Monday, April 2, 2012

More Common-Sense Rules for Eating

As I mentioned in my previous post, Dr. Stanger prefaced her common sense rules by first pointing out a misconception.

The third misconception: “We need a special source of protein”.

I think Dr. Stangers’ take on this is quite interesting - she pointed out several simple facts:

1. If you have fat molars you are designed to eat veggies.
2. Veggies have more protein, per 100 calories, than meat
3. Animal protein is recycled plant protein.

I think the last point bears some further study. Dr. Stanger explained that there are 20 kinds of amino acids (the building blocks that make up protein). Eight are essential (as in our body doesn’t make them) and 12 are non-essential (you guessed it - our body makes them). Our body doesn’t make the essential amino acids because the processes for making them are too energy intensive. Plants can and do make the essential amino acids - because plants draw the required energy from the ultimate energy source - the sun.

Animals eat plants, there-by consuming the essential amino acids, which they use to make protein. So, yes, when we eat meat, we get the essential amino acids. Just like if we eat plants.

Dr. Stangers’ take home message on protein - eat 2 tablespoons per day of flax seeds to get the omega-3 fatty acids you need, and eat lots of veggies.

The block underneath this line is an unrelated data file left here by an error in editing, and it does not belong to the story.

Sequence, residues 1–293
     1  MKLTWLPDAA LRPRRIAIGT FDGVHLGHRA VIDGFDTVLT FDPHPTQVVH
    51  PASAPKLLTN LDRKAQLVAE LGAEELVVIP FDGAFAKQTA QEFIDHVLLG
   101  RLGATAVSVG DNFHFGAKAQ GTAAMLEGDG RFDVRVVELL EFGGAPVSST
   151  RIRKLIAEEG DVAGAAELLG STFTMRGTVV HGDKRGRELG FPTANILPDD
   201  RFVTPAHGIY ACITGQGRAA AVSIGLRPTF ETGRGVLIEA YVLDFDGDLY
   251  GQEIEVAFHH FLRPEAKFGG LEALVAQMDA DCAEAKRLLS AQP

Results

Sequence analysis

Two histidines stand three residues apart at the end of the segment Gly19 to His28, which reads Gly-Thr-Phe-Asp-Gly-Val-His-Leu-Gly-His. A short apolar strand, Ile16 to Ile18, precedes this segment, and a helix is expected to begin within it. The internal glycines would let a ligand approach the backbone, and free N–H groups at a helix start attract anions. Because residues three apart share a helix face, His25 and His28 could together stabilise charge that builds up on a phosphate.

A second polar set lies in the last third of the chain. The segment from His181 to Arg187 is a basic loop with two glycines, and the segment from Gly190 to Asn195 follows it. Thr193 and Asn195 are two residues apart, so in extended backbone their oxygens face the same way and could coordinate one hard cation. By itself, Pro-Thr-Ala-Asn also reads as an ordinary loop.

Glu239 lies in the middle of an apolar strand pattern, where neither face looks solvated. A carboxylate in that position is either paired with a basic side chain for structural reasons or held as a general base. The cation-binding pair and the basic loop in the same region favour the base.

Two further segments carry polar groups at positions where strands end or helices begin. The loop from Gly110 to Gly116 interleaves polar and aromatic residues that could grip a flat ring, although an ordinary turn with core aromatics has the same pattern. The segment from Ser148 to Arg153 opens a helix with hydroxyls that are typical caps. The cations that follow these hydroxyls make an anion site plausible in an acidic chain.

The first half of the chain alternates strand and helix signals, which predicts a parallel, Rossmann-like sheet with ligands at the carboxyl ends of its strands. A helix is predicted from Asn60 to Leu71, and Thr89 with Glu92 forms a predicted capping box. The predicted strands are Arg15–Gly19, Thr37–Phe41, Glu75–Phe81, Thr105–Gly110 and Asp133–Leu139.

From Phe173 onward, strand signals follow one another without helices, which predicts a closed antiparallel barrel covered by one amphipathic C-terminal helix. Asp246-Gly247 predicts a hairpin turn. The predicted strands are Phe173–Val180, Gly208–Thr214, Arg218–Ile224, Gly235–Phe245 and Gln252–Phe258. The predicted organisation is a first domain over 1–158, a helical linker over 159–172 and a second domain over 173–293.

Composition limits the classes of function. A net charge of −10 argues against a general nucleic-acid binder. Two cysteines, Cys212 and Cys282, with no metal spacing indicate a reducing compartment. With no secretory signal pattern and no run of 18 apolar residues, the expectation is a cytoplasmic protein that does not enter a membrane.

The next misconception she discussed had to do with carbohydrates: Carbs raise insulin levels while protein lowers insulin levels.

It is unfortunate that so many “experts” today lump all carbs together, whether refined or not. It is recognized that refined carbs (white rice, white sugar, white flour) all contribute to the obesity that is so prevalent in America today. Problem is that people conclude that if refined carbs are bad, then all carbs are bad. And that carbs cause all the problems in America.

Somehow the fact that the carbs found in whole foods give us the energy our body needs, in a form that it most appropriate for our bodies, gets lost in the process. When whole foods are refined to concentrate the carbs and make them easier to digest we run into problems - diabetes, obesity, and heart disease. But, if we eat the whole foods our bodies have evolved to match we not only loose weight but we reduce our risk of diabetes and heart disease.

Her bottom line - a whole foods vegetarian diet lowers insulin levels. And helps you loose weight.

Tomorrow we will tackle a couple more misconceptions.